Books Celebrating The Women of the Revolution

Happy 4th of July weekend! What a great weekend to talk with students about the Revolutionary War and our Founding Fathers. While it’s important to learn about these, there is also a lack of educational information about our Founding Mothers and the women of the revolution. Here are some of the kids’ books that bring out the stories of these women.

Founding Mother’s: Remembering the Ladies

They Called Her Molly Pitcher

Who Was Betsy Ross?

Who Was Abigail Adams? 

From A Small Seed- The Story of Eliza Hamilton 

Anna Strong: A Spy During the American Revolution 

This Land Is Your Land– Not a book about the women of the revolution, but still a moving book worth the read! 

How do you teach about the founding mothers and fathers of our country in your classroom? 

Importance Of Reading 20 Minutes A Day

benefits of reading 20 minutes a day

Many, many schools push 20 minutes of reading a day. And while using reading charts or similar methods may not be beneficial in the long run, sitting down to read for 20 minutes a day is. Especially if it’s done in an authentic way. Here are some statistics of reading 20 minutes a day: 

Children who read 20 minutes a day are exposed to 1.8 million words in one school year.

They are also more likely to score in the 90th percentile on standardized testing. 

There was also a study done on children reading 15 minutes a day that showed academic achievement and gains in regards to reading, but not as high as the students that read 20 minutes a day. 

Students reading 5 minutes or less a day were more likely to fall behind their peers academically and needed intervention methods to bring them to grade level (statistics from kidskonnect.com).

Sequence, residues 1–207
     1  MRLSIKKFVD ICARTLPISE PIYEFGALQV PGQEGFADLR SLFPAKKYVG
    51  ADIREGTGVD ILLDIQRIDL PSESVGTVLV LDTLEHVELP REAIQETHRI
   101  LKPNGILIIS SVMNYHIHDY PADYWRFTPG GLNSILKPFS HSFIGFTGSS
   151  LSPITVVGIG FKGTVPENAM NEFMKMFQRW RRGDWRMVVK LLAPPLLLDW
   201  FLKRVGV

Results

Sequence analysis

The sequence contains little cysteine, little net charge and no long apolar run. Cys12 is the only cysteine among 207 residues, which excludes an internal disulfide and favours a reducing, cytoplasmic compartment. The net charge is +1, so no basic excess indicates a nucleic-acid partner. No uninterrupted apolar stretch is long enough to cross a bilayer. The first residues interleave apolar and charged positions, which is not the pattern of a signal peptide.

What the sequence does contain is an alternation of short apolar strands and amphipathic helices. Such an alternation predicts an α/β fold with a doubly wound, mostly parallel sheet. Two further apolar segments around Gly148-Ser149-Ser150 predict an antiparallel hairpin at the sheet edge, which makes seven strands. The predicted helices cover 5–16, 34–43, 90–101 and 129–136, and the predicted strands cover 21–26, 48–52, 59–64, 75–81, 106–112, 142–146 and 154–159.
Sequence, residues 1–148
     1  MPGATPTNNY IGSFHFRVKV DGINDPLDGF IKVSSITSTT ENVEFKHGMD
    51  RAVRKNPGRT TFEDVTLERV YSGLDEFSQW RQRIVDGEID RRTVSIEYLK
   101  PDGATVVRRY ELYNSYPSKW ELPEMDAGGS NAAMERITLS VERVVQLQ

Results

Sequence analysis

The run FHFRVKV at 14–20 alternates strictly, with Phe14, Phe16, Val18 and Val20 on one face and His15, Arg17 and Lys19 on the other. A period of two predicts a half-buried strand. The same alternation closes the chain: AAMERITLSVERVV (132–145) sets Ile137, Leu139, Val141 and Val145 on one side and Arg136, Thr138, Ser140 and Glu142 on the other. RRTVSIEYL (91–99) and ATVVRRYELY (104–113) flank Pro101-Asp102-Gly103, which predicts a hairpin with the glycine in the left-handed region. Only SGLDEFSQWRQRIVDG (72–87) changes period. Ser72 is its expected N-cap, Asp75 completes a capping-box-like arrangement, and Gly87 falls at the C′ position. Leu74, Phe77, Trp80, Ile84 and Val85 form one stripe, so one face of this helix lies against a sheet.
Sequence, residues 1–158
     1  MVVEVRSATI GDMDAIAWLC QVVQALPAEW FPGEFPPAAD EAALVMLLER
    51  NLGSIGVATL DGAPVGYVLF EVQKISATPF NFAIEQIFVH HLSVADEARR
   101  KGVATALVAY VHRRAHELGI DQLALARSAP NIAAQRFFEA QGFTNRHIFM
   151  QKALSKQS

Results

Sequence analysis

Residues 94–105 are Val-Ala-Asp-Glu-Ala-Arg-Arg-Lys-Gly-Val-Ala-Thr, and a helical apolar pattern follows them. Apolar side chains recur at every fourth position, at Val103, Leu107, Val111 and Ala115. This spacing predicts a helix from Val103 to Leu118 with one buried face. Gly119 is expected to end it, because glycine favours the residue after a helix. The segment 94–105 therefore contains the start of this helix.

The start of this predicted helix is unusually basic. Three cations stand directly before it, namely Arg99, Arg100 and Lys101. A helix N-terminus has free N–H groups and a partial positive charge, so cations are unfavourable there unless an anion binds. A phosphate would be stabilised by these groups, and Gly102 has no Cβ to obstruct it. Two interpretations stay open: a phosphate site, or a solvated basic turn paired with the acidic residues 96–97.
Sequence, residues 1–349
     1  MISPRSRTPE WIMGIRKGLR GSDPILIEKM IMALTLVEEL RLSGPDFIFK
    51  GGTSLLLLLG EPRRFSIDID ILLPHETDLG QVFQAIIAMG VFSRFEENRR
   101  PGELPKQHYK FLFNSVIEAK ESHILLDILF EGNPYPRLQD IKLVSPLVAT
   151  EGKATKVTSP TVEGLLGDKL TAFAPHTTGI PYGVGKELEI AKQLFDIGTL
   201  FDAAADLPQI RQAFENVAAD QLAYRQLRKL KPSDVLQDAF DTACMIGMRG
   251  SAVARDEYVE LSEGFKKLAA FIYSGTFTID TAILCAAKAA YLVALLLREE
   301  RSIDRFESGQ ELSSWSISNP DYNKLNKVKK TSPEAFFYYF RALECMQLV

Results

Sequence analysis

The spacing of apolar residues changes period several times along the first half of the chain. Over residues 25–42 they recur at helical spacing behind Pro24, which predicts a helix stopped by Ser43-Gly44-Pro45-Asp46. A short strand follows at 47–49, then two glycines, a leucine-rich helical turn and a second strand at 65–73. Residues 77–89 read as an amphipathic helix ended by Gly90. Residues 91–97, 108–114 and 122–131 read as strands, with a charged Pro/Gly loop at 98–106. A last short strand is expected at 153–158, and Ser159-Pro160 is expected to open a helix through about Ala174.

Beyond just statistics and test scores, what are the other benefits of reading? 

A widened imagination and higher levels of creativity. 

Reading can help foster empathy. 

It exposes children to multiple cultures, ideas, and worlds. 

Reading improves writing skills. 

It expands vocabulary. 

Taking 20 minutes to read every day can boost mental health. 

Improves critical-thinking skills. 

Can encourage them to ask more questions when they don’t understand concepts in the book, such as why some cultures eat, drink, or act in the ways they do. 

Have I convinced you yet?! Encouraging 20 minutes of reading a day can do wonders for children’s education. There are amazing benefits to it! Stay tuned for a blog post in the future on how you can foster a love of reading in your students as well. 

The Christmas Book List Of 2020

Christmas books! I’m giddy about putting together this post! The Christmas season is my favorite time of the year, and books are one of my favorite subjects. Let’s put the two together! 

Pick A Pine Tree: We don’t own this one yet, but I’m looking forward to the day we do! 

Dasher: Doesn’t the moody cover of the book just invite you in while you sit under a cozy blanket with a cup of hot cocoa?

Red & Lulu: The same author as Dasher. The magic of New York during the Christmas season is captured in this holiday book. 

The Crayons’ Christmas: A holiday twist on The Day The Crayons Quit

What books would you add to this list? Need some good book ideas for the holiday season that aren’t Christmas themed? Stay tuned for next week! 

Featured photo: pexels.com

High School Read Alouds: Books For Fun!

If you search book lists on our blog you’ll find multiple posts full of lists and lists of good read alouds, books for certain subjects, etc, etc. This blog is chucked full of book lists! What it’s missing is a list of read alouds for high school. I’m not talking books approved for English class to read and pick apart, but just a fun book to read to your students, no matter what subject you are teaching. Here’s my favorite list of chapter books you can read to your high school students. 

I Am Malala

What books do you like to read aloud to your high school students?

A Short, Sweet List Of Snowy, Winter Books

Snow is falling! Winter is here! I know for many this is discouraging and sad, but I am one to adore winter and the falling snow. So to excite everyone about the upcoming winter season, let’s come up with a great book list to get us ready for the snowy season. 

The Snowy Day: A Caldecott award book, and the first picture book to have a Black child as the protagonist. What a great conversation to have with students!